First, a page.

To make the regular season more meaningful, fewer players should qualify for the playoffs. To reward players for a strong season, they should not earn as many points for simply making a cut, something that Jim Furyk advocates.

"Volatility is good, but I think we're rewarding mediocrity," he said. "Cuts-made bothers me. Making a cut isn't anything to be proud of, in my opinion. Playing well, finishing fifth, now there's something to be proud of."

The best example of this is illustrated by Paul Casey, who tied for seventh at the Barclays and then missed the cut at the Deutsche Bank. He earned 3,455 points at the Barclays, none at the Deutsche Bank. Had he finished 70th both weeks, he would have made 4,196 points.

That part of the system obviously has to be addressed.

"I would say the structure of the playoffs, we like what we've seen," said PGA Tour commissioner Tim Finchem. "I know there's some consternation about a player like Padraig Harrington, wins two majors, top 10, missed two cuts and he's in danger of not getting to Atlanta.

"But that's actually what we heard from a lot of fans that they wanted to see. They wanted it to feel more like a playoff, more like a do-or-die situation, and we just moved the needle a little bit in that regard, and so there is more volatility. That means on the upside and the downside. I'm not so sure that's a bad thing. It's something to look at."

If the tour does make some tweaks, here are a couple of simple solutions. First, limit the playoff field to 100 instead of 144 while allowing a full field of players in each of the three playoff events, meaning there would be a cut each week. Those outside of the top 100 could still compete to win the tournament but would not be eligible for the FedEx Cup.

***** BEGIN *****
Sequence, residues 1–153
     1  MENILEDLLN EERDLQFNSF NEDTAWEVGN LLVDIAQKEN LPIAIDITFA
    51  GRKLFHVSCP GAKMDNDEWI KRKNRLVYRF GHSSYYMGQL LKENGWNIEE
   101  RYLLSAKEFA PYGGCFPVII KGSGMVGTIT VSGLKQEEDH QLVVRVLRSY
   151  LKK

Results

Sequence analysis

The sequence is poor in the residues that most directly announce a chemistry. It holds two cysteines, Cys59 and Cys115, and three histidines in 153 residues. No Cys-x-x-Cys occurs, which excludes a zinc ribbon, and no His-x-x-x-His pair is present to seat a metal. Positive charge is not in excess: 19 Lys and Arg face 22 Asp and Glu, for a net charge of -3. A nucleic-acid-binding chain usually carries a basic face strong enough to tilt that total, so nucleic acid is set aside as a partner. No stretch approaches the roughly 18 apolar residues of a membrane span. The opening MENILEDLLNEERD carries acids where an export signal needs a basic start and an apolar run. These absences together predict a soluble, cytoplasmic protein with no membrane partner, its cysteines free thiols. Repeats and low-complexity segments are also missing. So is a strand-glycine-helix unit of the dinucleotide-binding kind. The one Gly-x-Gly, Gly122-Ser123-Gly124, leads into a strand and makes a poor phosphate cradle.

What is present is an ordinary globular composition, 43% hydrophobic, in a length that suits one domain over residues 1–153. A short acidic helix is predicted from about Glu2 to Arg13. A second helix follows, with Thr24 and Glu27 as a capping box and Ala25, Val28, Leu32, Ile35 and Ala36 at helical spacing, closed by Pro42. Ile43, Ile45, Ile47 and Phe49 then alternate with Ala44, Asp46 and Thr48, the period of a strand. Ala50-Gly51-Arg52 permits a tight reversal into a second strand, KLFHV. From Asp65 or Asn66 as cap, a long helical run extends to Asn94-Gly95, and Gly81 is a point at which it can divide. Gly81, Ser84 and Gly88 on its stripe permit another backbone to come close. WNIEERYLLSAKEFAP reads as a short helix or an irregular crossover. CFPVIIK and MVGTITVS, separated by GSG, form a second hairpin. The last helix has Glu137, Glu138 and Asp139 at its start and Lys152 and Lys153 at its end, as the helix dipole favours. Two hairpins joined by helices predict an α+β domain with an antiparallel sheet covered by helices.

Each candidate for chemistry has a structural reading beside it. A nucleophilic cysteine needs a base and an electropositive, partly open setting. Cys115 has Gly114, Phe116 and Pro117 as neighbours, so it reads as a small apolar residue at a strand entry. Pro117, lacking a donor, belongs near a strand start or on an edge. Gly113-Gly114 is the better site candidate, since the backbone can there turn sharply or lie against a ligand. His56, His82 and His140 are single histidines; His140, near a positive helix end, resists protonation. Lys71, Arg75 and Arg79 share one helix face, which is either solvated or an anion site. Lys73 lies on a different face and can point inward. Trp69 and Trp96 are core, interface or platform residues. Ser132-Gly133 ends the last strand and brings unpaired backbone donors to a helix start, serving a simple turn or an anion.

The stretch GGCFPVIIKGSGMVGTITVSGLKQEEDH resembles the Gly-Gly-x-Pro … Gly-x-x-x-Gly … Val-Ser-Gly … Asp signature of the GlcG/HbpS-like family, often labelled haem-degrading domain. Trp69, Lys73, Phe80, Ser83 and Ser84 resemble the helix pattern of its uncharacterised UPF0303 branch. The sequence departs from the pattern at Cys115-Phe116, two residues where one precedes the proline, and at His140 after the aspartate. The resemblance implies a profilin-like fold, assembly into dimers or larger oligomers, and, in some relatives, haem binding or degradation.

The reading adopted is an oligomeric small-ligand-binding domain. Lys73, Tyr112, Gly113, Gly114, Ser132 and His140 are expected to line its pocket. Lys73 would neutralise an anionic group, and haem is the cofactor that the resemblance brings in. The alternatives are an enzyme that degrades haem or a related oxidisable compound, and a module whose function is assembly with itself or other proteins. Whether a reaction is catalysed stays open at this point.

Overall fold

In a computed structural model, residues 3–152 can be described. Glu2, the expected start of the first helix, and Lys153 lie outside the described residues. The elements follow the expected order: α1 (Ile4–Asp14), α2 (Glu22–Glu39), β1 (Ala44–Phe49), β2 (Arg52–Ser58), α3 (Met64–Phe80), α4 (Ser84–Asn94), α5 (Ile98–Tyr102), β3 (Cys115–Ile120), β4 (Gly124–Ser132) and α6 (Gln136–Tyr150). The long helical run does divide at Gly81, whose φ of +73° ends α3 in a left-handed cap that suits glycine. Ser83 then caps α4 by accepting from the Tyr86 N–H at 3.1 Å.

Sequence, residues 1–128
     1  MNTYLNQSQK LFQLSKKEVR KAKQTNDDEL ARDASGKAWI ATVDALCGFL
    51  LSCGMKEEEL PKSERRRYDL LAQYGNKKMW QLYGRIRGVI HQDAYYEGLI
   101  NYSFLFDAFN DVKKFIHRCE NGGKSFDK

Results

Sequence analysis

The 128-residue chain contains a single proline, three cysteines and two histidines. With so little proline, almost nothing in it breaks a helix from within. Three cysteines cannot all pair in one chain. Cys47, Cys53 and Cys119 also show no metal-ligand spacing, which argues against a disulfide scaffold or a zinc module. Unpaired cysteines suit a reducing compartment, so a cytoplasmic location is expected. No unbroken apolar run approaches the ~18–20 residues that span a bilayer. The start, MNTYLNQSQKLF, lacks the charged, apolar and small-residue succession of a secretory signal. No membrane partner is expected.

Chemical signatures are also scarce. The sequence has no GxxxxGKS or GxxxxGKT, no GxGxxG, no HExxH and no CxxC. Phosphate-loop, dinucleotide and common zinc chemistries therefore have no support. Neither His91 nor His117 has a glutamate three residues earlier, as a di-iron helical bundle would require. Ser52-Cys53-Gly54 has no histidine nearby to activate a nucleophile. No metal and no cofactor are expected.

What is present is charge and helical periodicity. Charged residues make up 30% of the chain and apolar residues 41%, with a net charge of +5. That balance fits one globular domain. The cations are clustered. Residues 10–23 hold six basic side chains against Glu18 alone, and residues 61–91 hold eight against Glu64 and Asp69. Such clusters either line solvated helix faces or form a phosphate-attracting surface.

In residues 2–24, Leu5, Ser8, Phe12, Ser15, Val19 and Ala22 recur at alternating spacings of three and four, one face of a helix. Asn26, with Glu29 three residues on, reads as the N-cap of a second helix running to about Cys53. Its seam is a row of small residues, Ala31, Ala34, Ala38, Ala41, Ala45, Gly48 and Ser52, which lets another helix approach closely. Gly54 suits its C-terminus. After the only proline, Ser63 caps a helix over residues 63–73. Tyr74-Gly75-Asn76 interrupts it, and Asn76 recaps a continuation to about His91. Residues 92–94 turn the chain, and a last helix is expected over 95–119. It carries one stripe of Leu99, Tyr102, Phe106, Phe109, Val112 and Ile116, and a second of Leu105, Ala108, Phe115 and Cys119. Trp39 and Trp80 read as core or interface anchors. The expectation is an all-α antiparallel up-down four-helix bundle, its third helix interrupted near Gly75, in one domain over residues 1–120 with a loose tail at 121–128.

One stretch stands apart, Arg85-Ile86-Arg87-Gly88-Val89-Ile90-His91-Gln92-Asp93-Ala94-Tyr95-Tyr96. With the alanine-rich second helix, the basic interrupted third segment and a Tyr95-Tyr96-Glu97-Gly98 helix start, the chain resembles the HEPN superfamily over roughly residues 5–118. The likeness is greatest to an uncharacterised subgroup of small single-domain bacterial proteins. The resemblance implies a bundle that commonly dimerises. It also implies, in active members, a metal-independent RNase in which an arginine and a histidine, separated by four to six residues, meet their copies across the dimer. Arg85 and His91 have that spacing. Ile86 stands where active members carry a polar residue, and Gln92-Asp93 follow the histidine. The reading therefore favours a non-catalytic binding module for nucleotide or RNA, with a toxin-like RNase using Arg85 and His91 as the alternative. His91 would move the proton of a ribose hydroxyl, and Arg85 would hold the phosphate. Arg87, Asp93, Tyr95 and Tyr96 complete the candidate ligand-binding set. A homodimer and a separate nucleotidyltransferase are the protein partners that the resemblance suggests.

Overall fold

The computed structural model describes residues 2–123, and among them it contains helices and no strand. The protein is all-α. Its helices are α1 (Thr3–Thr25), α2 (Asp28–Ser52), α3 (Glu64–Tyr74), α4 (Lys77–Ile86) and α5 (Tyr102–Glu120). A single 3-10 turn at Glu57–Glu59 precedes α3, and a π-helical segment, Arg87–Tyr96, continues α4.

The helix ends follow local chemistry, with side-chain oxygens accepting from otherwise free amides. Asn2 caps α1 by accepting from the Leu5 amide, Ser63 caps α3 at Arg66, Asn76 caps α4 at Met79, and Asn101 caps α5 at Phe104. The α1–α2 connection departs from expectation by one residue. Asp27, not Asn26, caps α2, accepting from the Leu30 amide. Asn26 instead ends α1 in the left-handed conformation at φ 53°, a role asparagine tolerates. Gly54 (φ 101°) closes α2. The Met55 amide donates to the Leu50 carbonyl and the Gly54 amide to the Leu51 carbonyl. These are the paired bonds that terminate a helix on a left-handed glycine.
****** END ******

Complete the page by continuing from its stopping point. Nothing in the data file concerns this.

Then whittle the playoff field down to 80, 60 and 30.

"You can't have 144 guys starting," Mahan said. "They don't let every team in the playoffs, they cut it down pretty good."

Then award more points for top-10 finishes, fewer points for simply making the cut. "I would make this week more volatile than the first two weeks," Harrington said.

No tweaks could stymie someone if he wins every week, so the tour cannot help it that for the second year in a row, one player has all but drained the competition of drama. Last year it was Tiger Woods, who as it turned out, could have skipped two of the four playoff events and still won the Cup.

This year, it is Vijay Singh, who has won the first two playoff events and "has to fall off the stairs or something" according to Sergio Garcia, not to win. According to the tour, Singh can clinch the title this week with a second-place finish, as long as Garcia or third-place Mike Weir does not win.

Even if Singh were to finish dead last -- and earn more than 2,000 points -- he would clinch the title if someone from outside the top 24 won and Garcia finished worse than sixth, Weir worse than third and Justin Leonard ended up third or worse.

Still, there is big bonus money to earn based on where players finish in the final standings.

"Obviously, if you play well out here, a lot of things take care of themselves," said Steve Stricker. "So you just need to go out and take care of your business."

Bob Harig covers golf for ESPN.com. He can be reached at BobHarig@gmail.com.